12. EmmZ It's an animal thing Registered Senior Member

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    It's a toughy isn't it? I watched a film recently called "Das Falcher" where Jewish people with counterfeiting skills were made to make fake money for the Nazis. They were treated like dogs but they had warm beds and food everyday. They had it really easy compared to the Jewish people on the other side of the wall, who they could hear being shot and beaten and god knows what kinds of humiliation being done to them. they had to live with the guilt of being treated so "well". Some of them couldn't handle it and shot themselves when they were liberated.
     
  13. Asguard Kiss my dark side Valued Senior Member

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    EmmZ its called survivers guilt and it increases the risk of suicide and PTSD because you blame yourself for the way other people get treated.

    Take this example, bank robber has two hostages and is going to shoot one to show the police he means buiness. You plead for your life and use every means of persuasion at your disposal (including your body) and convince him NOT TO KILL YOU (this is important). He decides to shoot the other girl who you find out latter was pregnant. Are you to blame for her death? NO your not, you acted exactly the way nature intended and in no way are you to blame, yet you will FEEL like your to blame (probably more so than the bank robber)
     
  14. ravosk Registered Member

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    But would this not ultimately alter depending on the type of person you are. Sure everyone would think to plead for their life, as how many people are stand up enough to give themselves up for someone else?
     
  15. lucifers angel same shit, differant day!! Registered Senior Member

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    this is what i don't understand in Auschwitz there was a handful of gaurds compared to the number of prisoners, why didn't they rise up and fight the gaurds with whatever they could find, even a dustbin lid can be dangerous in the wrong hands, they were not all malnourished and mistreated when they first got there, in fact many of them were healthy and could've fought back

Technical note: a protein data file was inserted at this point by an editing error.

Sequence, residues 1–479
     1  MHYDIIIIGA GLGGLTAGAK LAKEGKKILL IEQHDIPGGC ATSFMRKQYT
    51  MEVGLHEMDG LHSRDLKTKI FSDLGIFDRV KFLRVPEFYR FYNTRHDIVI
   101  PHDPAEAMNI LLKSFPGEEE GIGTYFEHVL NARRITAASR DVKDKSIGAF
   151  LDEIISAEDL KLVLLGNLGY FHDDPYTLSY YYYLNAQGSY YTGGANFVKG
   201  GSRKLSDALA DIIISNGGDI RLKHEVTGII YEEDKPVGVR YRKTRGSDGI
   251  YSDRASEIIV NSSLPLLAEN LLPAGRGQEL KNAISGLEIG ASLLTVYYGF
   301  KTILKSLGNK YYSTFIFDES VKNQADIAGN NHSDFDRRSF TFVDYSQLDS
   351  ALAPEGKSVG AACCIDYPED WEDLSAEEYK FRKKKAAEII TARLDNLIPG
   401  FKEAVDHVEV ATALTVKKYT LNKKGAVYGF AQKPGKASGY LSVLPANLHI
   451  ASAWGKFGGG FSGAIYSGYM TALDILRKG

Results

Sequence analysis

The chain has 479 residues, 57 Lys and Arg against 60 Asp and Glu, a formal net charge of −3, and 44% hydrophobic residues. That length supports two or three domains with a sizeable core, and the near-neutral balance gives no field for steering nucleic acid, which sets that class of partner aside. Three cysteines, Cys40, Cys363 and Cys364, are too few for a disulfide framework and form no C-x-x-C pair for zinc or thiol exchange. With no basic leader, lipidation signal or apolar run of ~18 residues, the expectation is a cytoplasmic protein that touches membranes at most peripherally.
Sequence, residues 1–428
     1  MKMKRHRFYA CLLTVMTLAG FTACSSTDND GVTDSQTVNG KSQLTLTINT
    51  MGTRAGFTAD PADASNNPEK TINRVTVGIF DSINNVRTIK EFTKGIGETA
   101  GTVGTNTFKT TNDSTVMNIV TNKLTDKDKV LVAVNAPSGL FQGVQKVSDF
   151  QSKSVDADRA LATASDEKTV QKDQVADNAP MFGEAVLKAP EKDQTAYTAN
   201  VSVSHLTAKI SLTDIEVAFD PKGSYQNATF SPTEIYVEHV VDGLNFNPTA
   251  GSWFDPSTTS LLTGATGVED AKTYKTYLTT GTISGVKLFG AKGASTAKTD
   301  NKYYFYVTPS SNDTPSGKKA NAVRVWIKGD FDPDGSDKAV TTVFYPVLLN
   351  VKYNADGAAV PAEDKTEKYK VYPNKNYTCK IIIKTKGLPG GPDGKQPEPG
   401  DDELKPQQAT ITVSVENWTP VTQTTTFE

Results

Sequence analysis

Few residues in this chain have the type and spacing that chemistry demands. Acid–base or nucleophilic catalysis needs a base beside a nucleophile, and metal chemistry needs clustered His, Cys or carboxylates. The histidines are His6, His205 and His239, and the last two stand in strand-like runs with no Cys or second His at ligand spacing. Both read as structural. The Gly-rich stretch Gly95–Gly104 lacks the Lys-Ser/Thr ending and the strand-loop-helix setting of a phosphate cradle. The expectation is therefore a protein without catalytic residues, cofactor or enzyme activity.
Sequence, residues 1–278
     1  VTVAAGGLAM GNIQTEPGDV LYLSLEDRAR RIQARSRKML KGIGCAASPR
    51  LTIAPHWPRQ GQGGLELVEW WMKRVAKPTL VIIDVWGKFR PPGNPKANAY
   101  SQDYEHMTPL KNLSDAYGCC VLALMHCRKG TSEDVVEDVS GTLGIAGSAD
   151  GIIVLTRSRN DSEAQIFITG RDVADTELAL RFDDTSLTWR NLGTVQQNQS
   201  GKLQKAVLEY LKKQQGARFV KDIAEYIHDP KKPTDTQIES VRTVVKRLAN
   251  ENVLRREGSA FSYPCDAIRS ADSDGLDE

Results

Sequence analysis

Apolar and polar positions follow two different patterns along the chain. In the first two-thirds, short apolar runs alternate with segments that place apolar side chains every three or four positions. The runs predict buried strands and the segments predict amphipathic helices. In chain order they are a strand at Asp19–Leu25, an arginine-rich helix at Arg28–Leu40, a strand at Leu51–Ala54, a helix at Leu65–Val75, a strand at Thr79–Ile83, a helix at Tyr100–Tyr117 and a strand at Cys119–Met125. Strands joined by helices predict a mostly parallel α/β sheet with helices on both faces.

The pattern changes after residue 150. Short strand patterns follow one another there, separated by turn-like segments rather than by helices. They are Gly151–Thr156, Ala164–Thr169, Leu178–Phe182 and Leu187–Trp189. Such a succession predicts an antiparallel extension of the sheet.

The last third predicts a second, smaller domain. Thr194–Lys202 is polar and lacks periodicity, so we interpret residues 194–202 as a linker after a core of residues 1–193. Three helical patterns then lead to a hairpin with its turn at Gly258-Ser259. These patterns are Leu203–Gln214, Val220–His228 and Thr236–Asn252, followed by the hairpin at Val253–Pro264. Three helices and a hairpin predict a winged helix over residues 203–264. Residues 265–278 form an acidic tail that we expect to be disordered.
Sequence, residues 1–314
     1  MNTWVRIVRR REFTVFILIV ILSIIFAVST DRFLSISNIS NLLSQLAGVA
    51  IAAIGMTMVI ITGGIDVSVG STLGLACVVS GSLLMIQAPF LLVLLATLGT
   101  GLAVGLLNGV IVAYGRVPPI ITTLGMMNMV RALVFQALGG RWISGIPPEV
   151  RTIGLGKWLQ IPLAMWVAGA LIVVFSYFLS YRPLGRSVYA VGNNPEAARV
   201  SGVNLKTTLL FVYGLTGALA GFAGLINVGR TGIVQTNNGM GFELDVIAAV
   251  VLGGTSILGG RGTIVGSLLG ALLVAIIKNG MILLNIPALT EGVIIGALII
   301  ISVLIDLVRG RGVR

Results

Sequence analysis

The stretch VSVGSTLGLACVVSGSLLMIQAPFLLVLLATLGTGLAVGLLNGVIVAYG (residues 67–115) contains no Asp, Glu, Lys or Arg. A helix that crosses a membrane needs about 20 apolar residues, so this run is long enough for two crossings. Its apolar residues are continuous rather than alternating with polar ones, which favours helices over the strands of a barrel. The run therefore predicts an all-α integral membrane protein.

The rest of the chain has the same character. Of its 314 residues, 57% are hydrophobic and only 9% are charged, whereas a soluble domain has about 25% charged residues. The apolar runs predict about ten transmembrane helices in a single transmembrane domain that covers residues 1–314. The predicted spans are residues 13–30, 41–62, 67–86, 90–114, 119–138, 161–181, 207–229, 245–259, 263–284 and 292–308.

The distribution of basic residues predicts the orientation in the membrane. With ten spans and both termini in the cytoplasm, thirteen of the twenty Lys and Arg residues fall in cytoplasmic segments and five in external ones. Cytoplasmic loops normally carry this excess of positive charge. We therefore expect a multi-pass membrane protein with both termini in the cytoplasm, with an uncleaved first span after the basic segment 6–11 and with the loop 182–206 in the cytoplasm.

16. EmmZ It's an animal thing Registered Senior Member

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    Lots of factors. I'd hate to do this subject a disservice but basically the Jewish, gays, various intellectuals who would be a threat to the Nazi war machine, people of different races etc., who were taken weren't trained like the SS. They had packs of dogs, men in towers, they subjected them to unimaginable things. Ah this is a huge subject. It wasn't as simple as a revolutionary uprising. It's the organisation of the system that keeps them subjugated.
     
  17. spidergoat Speak of the Devil Valued Senior Member

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    I just read the book on that, Krueger's Men. A fascinating episode, with connections to modern politics even today.

    Bascially, there is no logical or moral choice one can make in this situation, the intention on the part of the Nazis was emotional torture. Perhaps the best thing would be to kill both of your children, run to the fence and die of electrocution.
     
  18. Asguard Kiss my dark side Valued Senior Member

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    spider thats not actually true. Your right that the purpose is constant emotional torcher and that there maybe no MORAL choice you could make and certianly none you would feel comfertable having made in the future. But logically there is a way to make A choice, and thats to chose the child which has the best chance of living. This may even be concidered the ethical choice as it follows the principles of triage where you save those who you have the best chance of making a difference for when resorces arnt avilalable. I dont belive anyone should jude sophie no matter what she did because in the end it wasnt her choice it was the nazi's actions that forced this on her not her own actions